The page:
Pubdate: Fri, 27 Apr 2001
Source: Orange County Weekly (CA)
Copyright: 2001, Orange County Weekly, Inc.
Author: Nick Schou


Alan Bock Says The Medical-marijuana War Is Over, And The Good Guys Won

Alan Bock may know more about pot than your average Rastafarian. As senior 
editorial writer for The Orange County Register, Bock has spent much of the 
past several years following the never-ending battle over Proposition 215, 
the medical-marijuana initiative approved by California voters in November 
1996. Bock covered the 1998 trials of David Lee Herrick and Marvin Chavez, 
co-founders of the Orange County Cannabis Co-op; despite the passage of 
Prop. 215, both were convicted of selling marijuana and sentenced to 
several years in prison. (Herrick's conviction was overturned after he 
spent two years in jail, and Chavez was released on bail last year, pending 
his appeal). Last month, Bock published Waiting to Inhale: The Politcs of 
Medical Marijuana (Seven Locks Press), a book on Prop. 215 and the 
medical-marijuana movement. And he recently returned from Washington, D.C., 
where he sat in the U.S. Supreme Court as justices heard arguments in a 
case involving the Oakland Cannabis Buyers Collective. Bock says the 
Supreme Court hearing convinced him that there are still conflicts between 
the five-year-old Prop. 215 and federal law, but that the war is over in 
California, and medical-marijuana advocates have won.

OC Weekly: The title of your book is Waiting to Inhale. Is the waiting over 
in California?

Alan Bock: In most jurisdictions in California, if you have a valid 
doctor's recommendation and a membership card in a cannabis cooperative, 
the police are not going to take you to jail. They may investigate to see 
whether your card is valid and create a certain amount of hassle, but they 
probably aren't going to charge you with possession. The main roadblock 
right now for patients is being able to find doctors who are willing to 
write prescriptions for medical marijuana. There are a few doctors in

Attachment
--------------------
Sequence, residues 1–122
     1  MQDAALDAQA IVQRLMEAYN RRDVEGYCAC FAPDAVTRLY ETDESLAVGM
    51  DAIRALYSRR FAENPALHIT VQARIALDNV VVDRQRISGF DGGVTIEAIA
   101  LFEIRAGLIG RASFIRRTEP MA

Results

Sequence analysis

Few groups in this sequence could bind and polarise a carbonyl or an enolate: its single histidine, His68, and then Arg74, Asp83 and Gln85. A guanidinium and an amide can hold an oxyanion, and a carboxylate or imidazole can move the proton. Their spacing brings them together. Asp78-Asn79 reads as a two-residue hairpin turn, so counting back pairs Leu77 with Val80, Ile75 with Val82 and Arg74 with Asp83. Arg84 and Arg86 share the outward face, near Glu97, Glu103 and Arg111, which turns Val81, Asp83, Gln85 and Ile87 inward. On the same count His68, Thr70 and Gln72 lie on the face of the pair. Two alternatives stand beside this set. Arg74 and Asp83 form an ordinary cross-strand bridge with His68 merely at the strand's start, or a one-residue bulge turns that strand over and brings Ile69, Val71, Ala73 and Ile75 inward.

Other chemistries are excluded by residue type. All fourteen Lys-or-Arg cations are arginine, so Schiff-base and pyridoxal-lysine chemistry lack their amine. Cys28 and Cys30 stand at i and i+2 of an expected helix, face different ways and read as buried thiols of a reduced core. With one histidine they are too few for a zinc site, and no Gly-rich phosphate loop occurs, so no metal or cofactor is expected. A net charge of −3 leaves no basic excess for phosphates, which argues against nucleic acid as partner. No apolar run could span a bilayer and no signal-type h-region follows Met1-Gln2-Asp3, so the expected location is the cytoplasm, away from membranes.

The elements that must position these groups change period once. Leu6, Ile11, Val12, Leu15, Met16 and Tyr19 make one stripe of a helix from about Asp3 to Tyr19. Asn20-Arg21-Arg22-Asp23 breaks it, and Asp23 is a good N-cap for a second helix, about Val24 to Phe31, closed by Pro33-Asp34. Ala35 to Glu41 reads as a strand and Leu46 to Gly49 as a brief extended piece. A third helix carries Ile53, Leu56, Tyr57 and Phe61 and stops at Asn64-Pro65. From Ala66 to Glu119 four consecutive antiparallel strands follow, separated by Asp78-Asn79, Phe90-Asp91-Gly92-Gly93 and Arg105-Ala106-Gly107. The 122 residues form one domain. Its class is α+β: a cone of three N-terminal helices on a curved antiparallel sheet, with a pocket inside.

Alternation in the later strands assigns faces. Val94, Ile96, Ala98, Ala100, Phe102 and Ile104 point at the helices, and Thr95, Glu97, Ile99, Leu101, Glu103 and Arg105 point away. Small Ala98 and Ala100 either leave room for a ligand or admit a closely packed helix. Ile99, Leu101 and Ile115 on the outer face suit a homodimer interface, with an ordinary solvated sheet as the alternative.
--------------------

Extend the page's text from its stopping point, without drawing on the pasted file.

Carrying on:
California who have not just been willing but eager to do this-but most aren't.

OC Weekly: Why?

Alan Bock: In part because the California Medical Association has been very 
conservative in its instructions to doctors on this issue. But the real 
reason is that a lot of doctors aren't aware of how well they are protected 
under state law. Right after Prop. 215 passed, former U.S. drug czar Barry 
McCaffrey threatened to take away licenses from doctors who wrote 
prescriptions for medical marijuana. But a group of doctors in San 
Francisco won a federal injunction against McCaffrey, so the federal 
government is now under a court order not to harass doctors who recommend 
cannabis in accordance with California law.

OC Weekly: Prop. 215 said cannabis should be made available to terminally 
ill patients as well as those suffering from "any other illness for which 
marijuana provides relief." Why haven't state officials written up a set of 
regulations for doctors that spell out the medical conditions for which 
they can prescribe cannabis?

Alan Bock: John Vasconcellos (D-Santa Clara) has introduced several bills 
in Sacramento that would require the California Department of Health 
Services to set up a registry of patients who would be issued a card from